At the banquet a lively debate broke out: Was Newell a coach or a teacher? Finally, Karen Shultz (wife of guard Earl Shultz ’61) stopped the discussion. “She said, ‘He was a teacher first,’ and no one could argue with that,” said Bob Dalton ’59.

But even more than basketball, he taught them about life.

“In those days, if you were not doing well in class you got a ‘cinch notice,’” said Ned Averbuck ’61, “meaning that you were a cinch to get a D or an F in class if you kept up with what you were doing.” Averbuck got three cinches out of five classes his sophomore year. He was playing the best basketball of his life, but that wasn’t good enough for Pete. “He said, ‘The way you act in the classroom is emblematic of the way you play on the court. You save things up and go in a burst. That’s not the way we play. You have to do your best all the time. If you haven’t learned that, I haven’t done my job.

“But the worst part is that you’re making me a liar to your parents. I promised them you would get a world-class education, and I’m not delivering on that.’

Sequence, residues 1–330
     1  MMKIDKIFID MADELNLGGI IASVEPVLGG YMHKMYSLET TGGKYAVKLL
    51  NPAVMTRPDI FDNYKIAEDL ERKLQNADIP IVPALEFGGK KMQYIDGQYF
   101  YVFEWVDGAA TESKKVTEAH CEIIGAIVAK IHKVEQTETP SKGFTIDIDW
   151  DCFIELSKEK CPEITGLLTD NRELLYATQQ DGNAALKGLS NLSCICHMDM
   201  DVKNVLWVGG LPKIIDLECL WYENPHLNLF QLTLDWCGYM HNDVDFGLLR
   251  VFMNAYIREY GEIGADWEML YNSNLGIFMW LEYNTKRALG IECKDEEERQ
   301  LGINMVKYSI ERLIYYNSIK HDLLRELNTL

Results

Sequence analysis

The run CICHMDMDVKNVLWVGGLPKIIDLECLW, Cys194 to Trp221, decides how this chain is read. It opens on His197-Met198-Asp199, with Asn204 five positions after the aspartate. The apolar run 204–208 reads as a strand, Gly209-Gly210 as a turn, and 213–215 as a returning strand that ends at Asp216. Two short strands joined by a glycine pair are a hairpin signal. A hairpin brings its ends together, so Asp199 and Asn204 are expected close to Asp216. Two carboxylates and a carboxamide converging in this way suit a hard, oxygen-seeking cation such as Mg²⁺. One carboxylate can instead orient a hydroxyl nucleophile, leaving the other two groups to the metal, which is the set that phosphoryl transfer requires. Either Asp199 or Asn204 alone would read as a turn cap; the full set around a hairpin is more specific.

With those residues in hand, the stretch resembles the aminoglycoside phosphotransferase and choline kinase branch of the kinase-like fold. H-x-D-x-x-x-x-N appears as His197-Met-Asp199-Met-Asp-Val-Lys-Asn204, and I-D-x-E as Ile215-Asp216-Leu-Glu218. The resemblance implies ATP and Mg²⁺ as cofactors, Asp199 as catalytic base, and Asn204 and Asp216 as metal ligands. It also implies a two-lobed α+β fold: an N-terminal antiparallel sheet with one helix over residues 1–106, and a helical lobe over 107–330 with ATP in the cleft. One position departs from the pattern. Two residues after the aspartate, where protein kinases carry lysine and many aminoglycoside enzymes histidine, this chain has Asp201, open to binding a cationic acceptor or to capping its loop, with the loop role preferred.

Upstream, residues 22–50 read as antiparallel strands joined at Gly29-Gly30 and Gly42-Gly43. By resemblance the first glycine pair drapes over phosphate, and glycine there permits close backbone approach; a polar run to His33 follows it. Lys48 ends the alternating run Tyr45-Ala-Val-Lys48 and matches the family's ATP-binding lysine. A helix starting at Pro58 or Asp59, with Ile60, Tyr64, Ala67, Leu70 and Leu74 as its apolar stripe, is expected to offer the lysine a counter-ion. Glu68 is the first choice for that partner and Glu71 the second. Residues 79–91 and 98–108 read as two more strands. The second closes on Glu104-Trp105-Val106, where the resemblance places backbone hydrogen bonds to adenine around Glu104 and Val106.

“I said, ‘Pete, I promise to get good grades.’ And he said, ‘It’s not just grades; you have to get something out of each class. I don’t want promises; I want action.’”

And he got it. Averbuck went on to become an educator himself.

Darrall Imhoff, the team’s star center, recalled the time he scored 28 points against a strong Iowa team, giving him what he calls “a bad case of helium head.” The next game he was ice cold, and Newell sent in a sub.

“As I was coming off the court I said, ‘I’m not getting any help out there.’ I got ‘The Pete Look,’ and I knew I was in deep doo-doo. In the locker room at halftime he said, ‘Some players have a harder time having a good game than having a bad game,’ and I knew he was talking about me. I had lost perspective. I apologized to each of my teammates, and I never had a problem with helium head again.”

Newell wasn’t too bad at the X’s and O’s, either.

“There was only one way to pass to the center,” said Fitzpatrick. “No bounce pass, no sidearm pass. You pass with two hands over your head and deliver it to him over his head where he can do something with it. Who thinks of stuff like that? Nobody but Pete.”

“In fact, no bounce passes were allowed at all, unless it was a cutter passing to another cutter,” added Averbuck. “We had a passing drill up and down the court with the ball never touching the floor. Joe Kapp ’59, who played guard on our team, taught it to his players when he coached the football team in the ’80s, and that was the origin of ‘The Play’ against Stanford in the 1982 Big Game.”